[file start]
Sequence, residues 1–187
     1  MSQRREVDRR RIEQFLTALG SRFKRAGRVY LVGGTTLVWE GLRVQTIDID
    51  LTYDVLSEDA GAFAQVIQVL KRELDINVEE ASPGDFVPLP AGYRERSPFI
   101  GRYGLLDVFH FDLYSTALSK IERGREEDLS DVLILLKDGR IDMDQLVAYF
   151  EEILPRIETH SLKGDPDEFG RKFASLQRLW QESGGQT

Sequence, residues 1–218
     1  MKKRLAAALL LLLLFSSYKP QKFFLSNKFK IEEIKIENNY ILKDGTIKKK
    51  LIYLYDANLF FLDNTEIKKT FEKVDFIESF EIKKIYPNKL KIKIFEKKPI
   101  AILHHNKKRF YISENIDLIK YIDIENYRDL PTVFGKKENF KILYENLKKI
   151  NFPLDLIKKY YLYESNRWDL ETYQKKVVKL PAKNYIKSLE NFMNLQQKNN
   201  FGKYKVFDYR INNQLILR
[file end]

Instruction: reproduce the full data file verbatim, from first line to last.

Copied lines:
Sequence, residues 1–187
     1  MSQRREVDRR RIEQFLTALG SRFKRAGRVY LVGGTTLVWE GLRVQTIDID
    51  LTYDVLSEDA GAFAQVIQVL KRELDINVEE ASPGDFVPLP AGYRERSPFI
   101  GRYGLLDVFH FDLYSTALSK IERGREEDLS DVLILLKDGR IDMDQLVAYF
   151  EEILPRIETH SLKGDPDEFG RKFASLQRLW QESGGQT

Sequence, residues 1–218
     1  MKKRLAAALL LLLLFSSYKP QKFFLSNKFK IEEIKIENNY ILKDGTIKKK
    51  LIYLYDANLF FLDNTEIKKT FEKVDFIESF EIKKIYPNKL KIKIFEKKPI
   101  AILHHNKKRF YISENIDLIK YIDIENYRDL PTVFGKKENF KILYENLKKI
   151  NFPLDLIKKY YLYESNRWDL ETYQKKVVKL PAKNYIKSLE NFMNLQQKNN
   201  FGKYKVFDYR INNQLILR